Introducing OCIFS

August 1, 2023 | 4 minute read
Text Size 100%:

Among all its services Oracle Cloud Infrastructure (OCI) provides the Object Storage service. This is an internet-scale, high-performance storage platform that offers reliable and cost-efficient data durability. The Object Storage service can store an unlimited amount of unstructured data of any content type, including analytic data and rich content, like images and videos.

Currently, Object Storage data can be accessed with: - The OCI console, an easy-to-use, browser-based interface. - The OCI command line interface (CLI). - Or programmatically with OCI SDKs or the OCI Rest API.

OCIFS provides an alternate way to access Object Storage data through a filesystem. With OCIFS, Object Storage data becomes accessible as regular files that you can read, write or modify with standard shell commands (ls, rm, cat …) or system calls (open(2), read(2), write(2) …)

Starting with OCIFS

OCIFS requires some small setup before it can be used.

Create an OCI Object Storage Bucket

First, you need to have an OCI Object Storage bucket. You can use an empty bucket, or a bucket which is already populated with objects. If you don’t have a bucket yet, it is easy to create one from the OCI console, see Creating a Bucket in the OCI documentation. Make sure it is private.

Here is an example of a screenshot of the OCI console showing an already populated Object Storage bucket:

Bucket Screenshot

Create an OCI SDK/CLI Configuration File

Then you have to create an OCI SDK/CLI configuration file ~/.oci/config. If you have already been using the OCI SDK or the OCI CLI then you should already have such a configuration file. Otherwise to create this configure file, see SDK and CLI Configuration File.

The only requirement is that the configuration file should have a [DEFAULT] section with the following entries: user, fingerprint, tenancy, region, key_file.

Here is a configuration file example:

$ cat ~/.oci/config

Install OCIFS

OCIFS is available in the Oracle Cloud oci_included repository on Oracle Linux 8 and 9, for Intel/AMD (x86_64) and ARM (aarch64) systems. To enable the oci_included repository, see Installing Software on Oracle Linux Instances.

To install OCIFS, install the ocifs package:

$ sudo yum install ocifs


Once OCIFS is installed and configured, an available OCI Object Storage bucket can be mounted as a filesystem and its objects are accessible as regular files.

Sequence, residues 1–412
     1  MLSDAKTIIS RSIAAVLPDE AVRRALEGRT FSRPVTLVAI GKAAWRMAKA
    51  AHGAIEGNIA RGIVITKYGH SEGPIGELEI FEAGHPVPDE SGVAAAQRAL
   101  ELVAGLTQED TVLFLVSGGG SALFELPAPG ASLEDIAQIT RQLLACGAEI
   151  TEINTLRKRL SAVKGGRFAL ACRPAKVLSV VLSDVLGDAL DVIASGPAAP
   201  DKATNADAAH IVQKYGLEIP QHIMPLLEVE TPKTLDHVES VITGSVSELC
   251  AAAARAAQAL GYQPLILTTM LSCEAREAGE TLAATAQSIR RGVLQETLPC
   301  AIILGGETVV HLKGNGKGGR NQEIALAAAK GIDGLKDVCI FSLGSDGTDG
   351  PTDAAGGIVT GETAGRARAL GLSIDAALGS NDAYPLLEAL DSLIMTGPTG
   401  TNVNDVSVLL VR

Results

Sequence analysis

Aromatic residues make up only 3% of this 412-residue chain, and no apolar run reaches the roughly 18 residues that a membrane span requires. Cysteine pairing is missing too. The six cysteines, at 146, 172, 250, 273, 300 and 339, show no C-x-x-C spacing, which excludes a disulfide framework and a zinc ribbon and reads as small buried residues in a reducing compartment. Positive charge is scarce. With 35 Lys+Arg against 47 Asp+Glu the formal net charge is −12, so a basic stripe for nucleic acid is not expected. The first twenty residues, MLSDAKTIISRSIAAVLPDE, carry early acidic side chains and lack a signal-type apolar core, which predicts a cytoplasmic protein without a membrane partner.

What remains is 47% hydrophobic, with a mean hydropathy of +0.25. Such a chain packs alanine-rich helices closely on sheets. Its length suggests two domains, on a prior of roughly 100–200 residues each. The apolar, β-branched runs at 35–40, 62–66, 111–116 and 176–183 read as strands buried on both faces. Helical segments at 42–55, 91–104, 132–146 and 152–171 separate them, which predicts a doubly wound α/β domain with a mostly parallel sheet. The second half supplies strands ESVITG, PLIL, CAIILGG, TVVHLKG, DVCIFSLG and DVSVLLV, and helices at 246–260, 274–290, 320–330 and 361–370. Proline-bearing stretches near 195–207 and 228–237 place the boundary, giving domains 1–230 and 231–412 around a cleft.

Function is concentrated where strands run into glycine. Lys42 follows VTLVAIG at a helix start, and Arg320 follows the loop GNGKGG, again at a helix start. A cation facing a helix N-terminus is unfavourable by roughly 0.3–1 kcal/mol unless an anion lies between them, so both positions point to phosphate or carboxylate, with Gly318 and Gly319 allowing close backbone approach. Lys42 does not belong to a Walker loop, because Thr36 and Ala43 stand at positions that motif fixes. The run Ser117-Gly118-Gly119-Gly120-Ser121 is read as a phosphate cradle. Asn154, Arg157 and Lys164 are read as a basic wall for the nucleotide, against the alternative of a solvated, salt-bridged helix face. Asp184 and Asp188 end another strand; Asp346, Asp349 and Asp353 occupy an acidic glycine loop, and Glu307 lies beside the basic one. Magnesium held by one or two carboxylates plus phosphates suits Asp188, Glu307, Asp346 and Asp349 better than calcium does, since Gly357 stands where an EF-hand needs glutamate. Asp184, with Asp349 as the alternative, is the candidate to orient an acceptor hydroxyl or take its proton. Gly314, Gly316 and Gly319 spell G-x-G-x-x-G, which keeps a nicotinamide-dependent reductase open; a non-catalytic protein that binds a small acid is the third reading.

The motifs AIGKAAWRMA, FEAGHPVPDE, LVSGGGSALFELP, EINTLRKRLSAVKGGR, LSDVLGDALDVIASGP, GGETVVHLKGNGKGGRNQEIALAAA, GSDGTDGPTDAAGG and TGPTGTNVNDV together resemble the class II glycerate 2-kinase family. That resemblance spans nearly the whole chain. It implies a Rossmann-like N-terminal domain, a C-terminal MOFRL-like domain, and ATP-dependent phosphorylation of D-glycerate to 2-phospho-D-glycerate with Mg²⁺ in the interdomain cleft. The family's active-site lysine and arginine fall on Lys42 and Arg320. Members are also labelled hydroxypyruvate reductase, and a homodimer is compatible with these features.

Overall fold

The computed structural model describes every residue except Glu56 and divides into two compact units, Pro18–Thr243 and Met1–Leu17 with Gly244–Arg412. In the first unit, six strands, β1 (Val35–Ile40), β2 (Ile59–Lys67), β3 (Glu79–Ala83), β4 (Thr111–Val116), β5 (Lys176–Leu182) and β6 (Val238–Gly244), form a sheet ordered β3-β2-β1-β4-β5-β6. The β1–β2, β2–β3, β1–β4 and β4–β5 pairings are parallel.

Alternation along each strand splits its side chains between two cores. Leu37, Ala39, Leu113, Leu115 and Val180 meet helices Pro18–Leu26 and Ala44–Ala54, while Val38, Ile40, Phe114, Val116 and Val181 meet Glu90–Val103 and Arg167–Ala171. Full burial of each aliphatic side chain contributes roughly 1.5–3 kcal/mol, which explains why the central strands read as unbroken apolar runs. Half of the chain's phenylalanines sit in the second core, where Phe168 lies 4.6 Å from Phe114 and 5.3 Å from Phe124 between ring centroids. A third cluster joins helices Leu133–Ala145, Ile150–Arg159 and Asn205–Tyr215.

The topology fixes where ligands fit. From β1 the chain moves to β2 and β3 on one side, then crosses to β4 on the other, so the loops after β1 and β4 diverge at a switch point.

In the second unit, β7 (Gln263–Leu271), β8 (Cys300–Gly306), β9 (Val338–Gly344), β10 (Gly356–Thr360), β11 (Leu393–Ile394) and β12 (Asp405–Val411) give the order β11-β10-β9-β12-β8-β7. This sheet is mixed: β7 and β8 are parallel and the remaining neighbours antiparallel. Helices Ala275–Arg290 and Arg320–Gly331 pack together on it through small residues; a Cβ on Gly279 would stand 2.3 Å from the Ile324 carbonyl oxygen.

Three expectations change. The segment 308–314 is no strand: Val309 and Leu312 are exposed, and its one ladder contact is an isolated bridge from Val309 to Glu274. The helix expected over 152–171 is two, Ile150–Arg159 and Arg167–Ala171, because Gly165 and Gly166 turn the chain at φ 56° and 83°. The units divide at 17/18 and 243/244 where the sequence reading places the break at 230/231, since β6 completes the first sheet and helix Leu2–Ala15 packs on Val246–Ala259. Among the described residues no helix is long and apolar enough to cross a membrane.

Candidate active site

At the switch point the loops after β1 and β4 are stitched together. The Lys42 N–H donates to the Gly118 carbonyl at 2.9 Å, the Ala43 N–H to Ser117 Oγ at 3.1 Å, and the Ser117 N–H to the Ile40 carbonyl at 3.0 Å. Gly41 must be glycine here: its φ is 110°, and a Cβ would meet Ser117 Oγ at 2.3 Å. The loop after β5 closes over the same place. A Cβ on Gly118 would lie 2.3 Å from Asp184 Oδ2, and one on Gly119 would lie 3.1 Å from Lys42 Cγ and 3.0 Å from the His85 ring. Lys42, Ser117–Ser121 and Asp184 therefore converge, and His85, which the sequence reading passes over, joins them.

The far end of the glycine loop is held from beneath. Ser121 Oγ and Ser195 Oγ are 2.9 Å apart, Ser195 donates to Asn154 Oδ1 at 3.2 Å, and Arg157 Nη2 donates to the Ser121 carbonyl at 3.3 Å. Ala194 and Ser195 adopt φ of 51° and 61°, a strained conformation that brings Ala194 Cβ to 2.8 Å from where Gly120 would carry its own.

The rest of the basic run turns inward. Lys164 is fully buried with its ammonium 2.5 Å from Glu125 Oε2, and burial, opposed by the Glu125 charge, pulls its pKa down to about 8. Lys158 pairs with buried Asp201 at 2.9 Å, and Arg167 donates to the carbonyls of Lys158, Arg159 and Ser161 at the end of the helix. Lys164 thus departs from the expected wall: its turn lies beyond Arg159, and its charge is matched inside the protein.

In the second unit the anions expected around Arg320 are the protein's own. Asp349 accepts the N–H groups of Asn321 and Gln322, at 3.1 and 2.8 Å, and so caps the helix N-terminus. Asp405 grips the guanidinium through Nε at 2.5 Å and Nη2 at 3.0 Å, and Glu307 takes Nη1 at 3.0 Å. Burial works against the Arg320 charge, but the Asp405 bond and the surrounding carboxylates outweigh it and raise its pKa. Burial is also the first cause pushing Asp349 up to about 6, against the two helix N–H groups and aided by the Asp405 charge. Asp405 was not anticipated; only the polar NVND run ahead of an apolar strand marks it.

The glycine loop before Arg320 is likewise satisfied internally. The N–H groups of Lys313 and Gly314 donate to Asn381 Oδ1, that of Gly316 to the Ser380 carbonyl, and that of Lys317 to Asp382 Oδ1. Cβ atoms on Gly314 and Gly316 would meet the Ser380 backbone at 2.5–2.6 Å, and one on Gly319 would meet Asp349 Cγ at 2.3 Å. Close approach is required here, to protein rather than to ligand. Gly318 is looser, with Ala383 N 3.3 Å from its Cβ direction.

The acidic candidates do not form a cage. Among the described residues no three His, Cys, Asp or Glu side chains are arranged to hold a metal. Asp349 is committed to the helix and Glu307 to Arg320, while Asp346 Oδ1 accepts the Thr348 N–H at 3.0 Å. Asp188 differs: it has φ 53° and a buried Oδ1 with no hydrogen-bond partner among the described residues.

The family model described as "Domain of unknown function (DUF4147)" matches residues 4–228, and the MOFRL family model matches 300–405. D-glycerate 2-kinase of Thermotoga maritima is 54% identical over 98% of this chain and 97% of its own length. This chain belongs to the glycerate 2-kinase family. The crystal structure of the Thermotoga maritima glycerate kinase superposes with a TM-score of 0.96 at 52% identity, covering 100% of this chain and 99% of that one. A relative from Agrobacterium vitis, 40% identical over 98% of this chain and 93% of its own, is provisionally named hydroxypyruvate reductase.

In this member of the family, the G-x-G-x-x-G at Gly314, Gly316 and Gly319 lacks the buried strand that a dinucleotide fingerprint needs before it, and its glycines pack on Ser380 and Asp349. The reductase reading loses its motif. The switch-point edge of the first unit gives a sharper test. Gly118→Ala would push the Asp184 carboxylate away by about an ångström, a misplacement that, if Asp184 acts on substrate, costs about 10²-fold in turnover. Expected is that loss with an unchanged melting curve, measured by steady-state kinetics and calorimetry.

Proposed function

Mount the OCI Object Storage Bucket

The ocifs command is used to mount an existing OCI Object Storage bucket as a filesystem. OCIFS is a fuse(8) filesystem so root privileges are not required to use OCIFS.

Here is an example to mount the bucket-1 OCI Object Storage bucket on the ~/mydir directory.

$ mkdir ~/mydir
$ ocifs bucket-1 ~/mydir

Accessing OCI Object Storage Data as Regular Files

After an OCI Object Storage bucket is mounted, OCI Object Storage data are accessible as regular files. So you can use your favorite shell commands or programming language to read, write, modify or add OCI Object Storage data.

Here is a simple example:

$ ls -l mydir
total 0 
drwxr-xr-x. 2 guest guest     65 May 12 11:58 info
-rw-r--r--. 1 guest guest 227563 May 12 11:58 oracle-linux-ds.pdf
-rw-r--r--. 1 guest guest  33792 May 12 11:58 oracle_linux.jpg

$ ls -l mydir/info
total 0
-rw-r--r--. 1 guest guest 2129 May 12 11:58
-rw-r--r--. 1 guest guest 1845 May 12 11:58 LICENSE.txt
-rw-r--r--. 1 guest guest 3441 May 12 11:58

$ echo "Store data on OCIFS" > mydir/newfile

$ ls -l mydir
total 4
drwxr-xr-x. 2 guest guest     65 May 12 11:58 info
-rw-rw-r--. 1 guest guest     20 May 12 12:04 newfile
-rw-r--r--. 1 guest guest 227563 May 12 11:58 oracle-linux-ds.pdf
-rw-r--r--. 1 guest guest  33792 May 12 11:58 oracle_linux.jpg

$ cat mydir/newfile 
Store data on OCIFS

Unmount the OCI Object Storage bucket

Finally, when you don’t need access to the OCI Object Storage data anymore, you can unmount the OCIFS filesystem using the fusermount command.

$ fusermount -u ~/mydir

What’s Next?

Give it a try! OCIFS provides a new simple and efficient solution to access OCI Object Storage data, and it aims to take advantage of features provided by Oracle Cloud Infrastructure. For more information, check the OCIFS Utility documentation .

Alexandre Chartre

Previous Post

Oracle Linux completes new Common Criteria certifications

Honglin Su | 4 min read

Next Post

Understanding Ext4 Disk Layout, Part 2

Srivathsa Dara | 23 min read